Today I walked the route of the proposed Sacramento Riverfront Streetcar. No, this is not part of the argument about whether pedestrians or streetcars are faster, going around the Internet recently, but I just wanted to see it all from a walking viewpoint, not on my bicycle. There is a map of the probable route on the website above, though oddly it leaves out some streets.
I picked up the route at L and 16th, just two blocks from my home, and headed west between Capitol Park and the brutalist Community Center Theater. The route turns north on 13th Street and apparently goes through the pedestrian plaza over to 12th where is would then use the SacRT light rail tracks (light rail would be routed to the north along H Street). The further west on K Street, the more depressing things are, with most buildings not only empty but abandoned. But, this is part of the reason for the streetcar, to support the economic redevelopment of this area. At 6th it heads north along the existing light rail tracks to H, and then west to Sacramento Valley Station (Amtrak).
The current light rail tracks end here, and it is not clear to me how the streetcar will get to 3rd Street. The onramps for I-5 northbound, I Street Bridge, and I-5 southbound all cross the route here. The northbound onramp is a monolith of concrete and girders, and while there is room for the streetcar, I’m not so sure there is room for the overhead catenary wires. Cars are accelerating to freeway speeds on the I Street and I-5 southbound ramps (though for I-5 southbound they have to slow suddenly again for a 20mph posted turn). Something would need to change here for the streetcar to have a safe and reasonable crossing. When the new Sacramento River Bridge is completed from C Street in West Sacramento to Richards Blvd in the rail yards, some or all of these ramps will disappear, but that bridge is years away. The route then head south on 3rd, which is as unwalkable as any place in Sacramento. It is too bad that the streetcar must traverse this useless street, but there isn’t any other clear route from the north side of Sacramento Valley Station to the Tower Bridge unless it were through Old Sacramento.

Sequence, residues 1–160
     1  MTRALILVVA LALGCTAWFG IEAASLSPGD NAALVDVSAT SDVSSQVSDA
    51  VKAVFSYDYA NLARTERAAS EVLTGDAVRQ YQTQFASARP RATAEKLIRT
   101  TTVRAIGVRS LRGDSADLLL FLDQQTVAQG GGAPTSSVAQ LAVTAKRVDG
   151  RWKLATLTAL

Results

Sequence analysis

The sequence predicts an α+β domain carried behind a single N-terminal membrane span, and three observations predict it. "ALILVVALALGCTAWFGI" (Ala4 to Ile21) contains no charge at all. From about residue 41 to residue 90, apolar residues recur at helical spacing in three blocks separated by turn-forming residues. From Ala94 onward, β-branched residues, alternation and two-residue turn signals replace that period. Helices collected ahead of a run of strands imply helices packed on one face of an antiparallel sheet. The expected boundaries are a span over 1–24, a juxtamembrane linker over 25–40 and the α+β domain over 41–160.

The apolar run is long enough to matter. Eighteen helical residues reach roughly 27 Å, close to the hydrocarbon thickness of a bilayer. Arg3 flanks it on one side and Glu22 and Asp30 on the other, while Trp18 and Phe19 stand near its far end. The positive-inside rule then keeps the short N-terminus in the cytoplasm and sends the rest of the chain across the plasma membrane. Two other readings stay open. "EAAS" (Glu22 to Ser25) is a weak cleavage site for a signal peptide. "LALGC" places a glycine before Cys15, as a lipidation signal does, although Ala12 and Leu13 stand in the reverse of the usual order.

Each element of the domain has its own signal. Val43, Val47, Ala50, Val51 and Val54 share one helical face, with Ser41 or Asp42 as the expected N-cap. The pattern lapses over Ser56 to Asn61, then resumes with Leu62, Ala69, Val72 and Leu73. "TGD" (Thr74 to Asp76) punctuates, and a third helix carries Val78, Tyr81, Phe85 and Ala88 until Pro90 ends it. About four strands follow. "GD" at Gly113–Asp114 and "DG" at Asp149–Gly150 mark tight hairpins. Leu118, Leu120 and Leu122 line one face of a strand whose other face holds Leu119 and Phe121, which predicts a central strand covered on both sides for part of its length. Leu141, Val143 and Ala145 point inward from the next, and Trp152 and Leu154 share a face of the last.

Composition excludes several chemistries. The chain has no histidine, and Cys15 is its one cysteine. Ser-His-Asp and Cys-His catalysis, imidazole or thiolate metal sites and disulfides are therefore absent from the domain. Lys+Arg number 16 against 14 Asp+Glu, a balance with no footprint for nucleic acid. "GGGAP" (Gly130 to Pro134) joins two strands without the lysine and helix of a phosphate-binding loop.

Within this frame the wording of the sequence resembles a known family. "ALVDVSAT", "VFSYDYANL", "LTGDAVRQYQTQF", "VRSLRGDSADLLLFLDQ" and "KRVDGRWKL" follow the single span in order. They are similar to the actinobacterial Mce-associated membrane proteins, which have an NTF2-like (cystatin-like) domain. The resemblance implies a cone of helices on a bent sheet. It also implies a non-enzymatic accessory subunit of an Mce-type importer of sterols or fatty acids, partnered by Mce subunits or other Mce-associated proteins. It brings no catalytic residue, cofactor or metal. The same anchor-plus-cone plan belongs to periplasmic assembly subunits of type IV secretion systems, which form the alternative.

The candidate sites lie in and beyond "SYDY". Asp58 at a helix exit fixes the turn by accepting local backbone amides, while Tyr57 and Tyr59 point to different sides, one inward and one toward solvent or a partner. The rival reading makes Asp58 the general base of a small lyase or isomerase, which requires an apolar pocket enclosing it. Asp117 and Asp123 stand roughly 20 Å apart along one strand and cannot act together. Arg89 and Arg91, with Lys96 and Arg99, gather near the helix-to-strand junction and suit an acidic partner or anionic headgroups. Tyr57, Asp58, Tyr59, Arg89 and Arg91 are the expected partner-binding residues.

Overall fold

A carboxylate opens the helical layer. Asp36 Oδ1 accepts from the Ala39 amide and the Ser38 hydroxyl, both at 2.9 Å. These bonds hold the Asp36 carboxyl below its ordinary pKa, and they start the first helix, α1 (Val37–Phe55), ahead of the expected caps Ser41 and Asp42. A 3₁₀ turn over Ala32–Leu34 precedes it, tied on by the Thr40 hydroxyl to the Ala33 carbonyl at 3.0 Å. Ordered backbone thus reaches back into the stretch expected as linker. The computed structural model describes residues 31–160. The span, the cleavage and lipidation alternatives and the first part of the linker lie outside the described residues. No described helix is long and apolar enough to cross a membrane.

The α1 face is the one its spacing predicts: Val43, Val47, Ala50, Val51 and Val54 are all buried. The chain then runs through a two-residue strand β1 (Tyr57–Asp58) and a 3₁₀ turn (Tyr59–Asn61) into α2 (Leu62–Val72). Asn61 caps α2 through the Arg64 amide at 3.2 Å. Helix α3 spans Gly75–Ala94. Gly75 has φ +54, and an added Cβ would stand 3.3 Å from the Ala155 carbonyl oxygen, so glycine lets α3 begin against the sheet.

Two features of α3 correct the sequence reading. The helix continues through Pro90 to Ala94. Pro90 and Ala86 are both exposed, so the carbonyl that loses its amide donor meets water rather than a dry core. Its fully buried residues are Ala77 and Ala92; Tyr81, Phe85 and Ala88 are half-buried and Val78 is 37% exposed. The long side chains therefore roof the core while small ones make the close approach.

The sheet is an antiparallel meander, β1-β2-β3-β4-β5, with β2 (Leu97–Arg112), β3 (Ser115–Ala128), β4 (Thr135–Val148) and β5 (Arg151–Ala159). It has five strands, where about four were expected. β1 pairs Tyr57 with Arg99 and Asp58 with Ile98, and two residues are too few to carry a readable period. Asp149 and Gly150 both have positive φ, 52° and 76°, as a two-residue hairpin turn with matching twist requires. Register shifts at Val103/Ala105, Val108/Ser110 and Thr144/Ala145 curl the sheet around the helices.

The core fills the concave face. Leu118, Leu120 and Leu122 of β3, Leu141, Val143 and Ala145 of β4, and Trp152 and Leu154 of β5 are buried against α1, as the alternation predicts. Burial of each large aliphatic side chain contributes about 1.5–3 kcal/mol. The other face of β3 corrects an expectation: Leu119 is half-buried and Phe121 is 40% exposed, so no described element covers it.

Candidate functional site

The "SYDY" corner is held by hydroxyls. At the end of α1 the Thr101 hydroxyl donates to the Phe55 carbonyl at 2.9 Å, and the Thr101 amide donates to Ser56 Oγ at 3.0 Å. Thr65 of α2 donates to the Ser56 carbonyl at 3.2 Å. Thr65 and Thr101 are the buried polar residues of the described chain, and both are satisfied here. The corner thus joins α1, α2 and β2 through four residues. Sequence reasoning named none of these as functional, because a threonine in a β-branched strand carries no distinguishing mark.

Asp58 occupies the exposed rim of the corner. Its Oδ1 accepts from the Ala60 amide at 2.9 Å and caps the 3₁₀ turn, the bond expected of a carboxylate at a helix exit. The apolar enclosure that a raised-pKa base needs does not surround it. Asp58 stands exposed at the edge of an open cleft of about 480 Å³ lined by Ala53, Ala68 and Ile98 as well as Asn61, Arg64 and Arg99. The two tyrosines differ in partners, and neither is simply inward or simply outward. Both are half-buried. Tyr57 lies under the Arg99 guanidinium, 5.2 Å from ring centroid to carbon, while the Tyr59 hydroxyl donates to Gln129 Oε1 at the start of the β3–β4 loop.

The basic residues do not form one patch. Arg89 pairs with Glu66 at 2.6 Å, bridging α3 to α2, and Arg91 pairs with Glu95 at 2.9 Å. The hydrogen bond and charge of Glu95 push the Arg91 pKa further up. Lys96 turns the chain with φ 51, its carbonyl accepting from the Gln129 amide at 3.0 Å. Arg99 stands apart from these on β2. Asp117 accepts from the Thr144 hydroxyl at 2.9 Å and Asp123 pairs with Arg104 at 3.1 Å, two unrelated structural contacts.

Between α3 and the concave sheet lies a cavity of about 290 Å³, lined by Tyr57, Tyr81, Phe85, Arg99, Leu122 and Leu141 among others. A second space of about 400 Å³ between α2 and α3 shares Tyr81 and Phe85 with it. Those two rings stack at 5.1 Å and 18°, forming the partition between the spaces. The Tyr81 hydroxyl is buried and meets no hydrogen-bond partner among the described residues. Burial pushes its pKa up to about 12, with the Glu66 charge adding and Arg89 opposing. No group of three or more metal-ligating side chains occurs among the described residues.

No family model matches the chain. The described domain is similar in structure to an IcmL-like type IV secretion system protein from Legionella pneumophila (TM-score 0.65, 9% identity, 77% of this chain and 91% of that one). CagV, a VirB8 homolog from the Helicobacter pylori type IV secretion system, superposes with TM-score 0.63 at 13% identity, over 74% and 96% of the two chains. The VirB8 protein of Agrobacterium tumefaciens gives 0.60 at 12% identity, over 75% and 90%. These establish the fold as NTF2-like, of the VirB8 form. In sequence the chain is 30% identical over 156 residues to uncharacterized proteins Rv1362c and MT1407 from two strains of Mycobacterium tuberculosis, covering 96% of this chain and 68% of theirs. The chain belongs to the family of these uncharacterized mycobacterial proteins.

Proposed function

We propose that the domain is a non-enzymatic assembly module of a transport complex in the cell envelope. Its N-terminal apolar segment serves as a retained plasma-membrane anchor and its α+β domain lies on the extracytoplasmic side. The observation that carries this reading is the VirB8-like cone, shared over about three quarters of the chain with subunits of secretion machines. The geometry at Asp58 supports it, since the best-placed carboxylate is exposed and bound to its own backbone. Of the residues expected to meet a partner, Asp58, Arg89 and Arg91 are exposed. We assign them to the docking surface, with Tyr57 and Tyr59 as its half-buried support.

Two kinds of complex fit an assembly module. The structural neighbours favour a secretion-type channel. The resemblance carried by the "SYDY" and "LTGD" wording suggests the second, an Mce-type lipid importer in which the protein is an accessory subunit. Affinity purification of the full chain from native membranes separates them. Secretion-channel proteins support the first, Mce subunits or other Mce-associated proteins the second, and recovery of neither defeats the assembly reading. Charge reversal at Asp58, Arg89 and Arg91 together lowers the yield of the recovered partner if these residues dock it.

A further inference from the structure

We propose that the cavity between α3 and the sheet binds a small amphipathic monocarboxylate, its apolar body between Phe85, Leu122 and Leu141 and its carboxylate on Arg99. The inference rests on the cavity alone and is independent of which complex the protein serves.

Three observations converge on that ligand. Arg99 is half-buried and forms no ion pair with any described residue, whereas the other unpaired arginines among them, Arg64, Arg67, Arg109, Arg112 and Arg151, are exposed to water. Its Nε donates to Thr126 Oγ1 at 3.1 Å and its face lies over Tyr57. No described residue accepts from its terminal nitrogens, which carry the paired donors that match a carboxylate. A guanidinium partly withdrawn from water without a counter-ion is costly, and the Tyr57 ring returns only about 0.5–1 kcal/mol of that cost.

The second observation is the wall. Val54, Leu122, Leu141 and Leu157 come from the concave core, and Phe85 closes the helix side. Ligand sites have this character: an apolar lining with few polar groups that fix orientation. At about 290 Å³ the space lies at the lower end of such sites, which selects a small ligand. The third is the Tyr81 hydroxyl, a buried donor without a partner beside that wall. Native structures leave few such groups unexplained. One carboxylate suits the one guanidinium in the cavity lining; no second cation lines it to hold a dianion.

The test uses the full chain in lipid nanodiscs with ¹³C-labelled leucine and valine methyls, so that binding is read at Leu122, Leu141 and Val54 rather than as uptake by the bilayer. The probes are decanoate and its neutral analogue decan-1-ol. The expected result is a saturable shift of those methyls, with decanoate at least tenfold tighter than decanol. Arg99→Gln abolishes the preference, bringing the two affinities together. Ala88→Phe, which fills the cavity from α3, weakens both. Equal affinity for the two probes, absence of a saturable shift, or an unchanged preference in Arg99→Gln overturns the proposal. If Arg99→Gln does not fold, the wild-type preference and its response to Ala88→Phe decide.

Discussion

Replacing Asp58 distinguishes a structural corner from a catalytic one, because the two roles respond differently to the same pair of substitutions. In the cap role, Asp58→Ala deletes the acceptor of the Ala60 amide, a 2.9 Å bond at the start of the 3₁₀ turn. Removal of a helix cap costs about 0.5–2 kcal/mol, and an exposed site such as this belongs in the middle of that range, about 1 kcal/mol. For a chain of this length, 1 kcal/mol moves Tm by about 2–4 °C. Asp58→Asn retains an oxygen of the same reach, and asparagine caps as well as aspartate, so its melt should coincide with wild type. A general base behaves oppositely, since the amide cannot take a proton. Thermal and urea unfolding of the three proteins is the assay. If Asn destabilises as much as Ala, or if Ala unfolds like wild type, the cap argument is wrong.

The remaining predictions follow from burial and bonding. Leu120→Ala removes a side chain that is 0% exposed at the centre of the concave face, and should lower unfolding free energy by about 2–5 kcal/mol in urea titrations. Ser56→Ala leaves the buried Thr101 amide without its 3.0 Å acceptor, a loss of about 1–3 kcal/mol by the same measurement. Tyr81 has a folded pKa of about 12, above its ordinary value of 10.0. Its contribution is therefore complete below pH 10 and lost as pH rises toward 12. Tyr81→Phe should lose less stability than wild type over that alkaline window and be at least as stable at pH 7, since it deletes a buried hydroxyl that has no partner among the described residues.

The tracks will run across the Tower Bridge and into West Sacramento. Of course Raley Field is a significant destination, and the streetcar would would appeal to many Rivercats fans. On the north side is the new Capitol Yards apartment complex which has just opened its first residences. The route heads under the railroad tracks and on to West Capitol Avenue. The north side is old highways motels and the south is the mysterious old El Rancho style motel complex, now a the Dharma Realm Buddhist Assocation. The Yolobus transit center is next, though I’m not sure if the route ends here at the Community Center or in front of City Hall.
I walked back over the I Street Bridge, just because I hadn’t done so in a while. It is a toss up whether the walk from the bridge back into Sacramento is more or less unpleasant than 3rd Street, but since they are right next to each other and they were created by the freeway travesty, it makes little difference. I’ve said before that the I-5 freeway that slices Sacramento apart needs to be gone, taken back to two lanes each way and buried. Freeways are some of the most unpleasant environments that engineers ever create, no necessarily for the car drivers, but for everyone else and for the life of the city.
Heading south past Sacramento Valley Station, the streetcar would go on 7th Street to K Street, and here is the biggest ride generator of all, at least during events, the new arena. Though I hope that people attending games and other events will leave their cars at home and ride light rail, what is more likely is that they will park further away and use the streetcar to get to and from the arena.
At 11th and K, the streetcar heads north to J Street, and then east to 19th, past the convention center and Memorial Auditorium. This is not the vibrant part of J Street, which lies further east, but the streetcar may bring it back to life. At 19th the route heads south to L, and then west, completing the loop.
Though the streetcar supporters and planners hope that the streetcar serves both economic development and transportation ends. The phrase that has been used is “pedestrian extender,” allowing people to take medium trips of a length that they would not normally walk. But economic development is really the prime driver. I suspect that it will be pretty successful in that, though it may take a while. The Seattle Streetcar South Lake Union line, which opened in 2007, was little used and seemed unsuccessful initially, but now the line is heavily used and the area along the line is booming with construction and reconstruction. The Sacramento streetcar may similarly take a while to gain riders and change the area around it, but I think it will. The Portland Streetcar, which opened in 2001, has been credited in part with the revival of the Pearl District, a rundown warehouse district. The system has been extended several times, and is close to opening the Tilikum Crossing over the Willamette River that will create a closed loop system. I have less experience with the Portland system, but again I think it took a while to gain traction and really start making a difference. It certainly does now!
I hope to post in a few days about the financing of the Sacramento Riverfront Streetcar.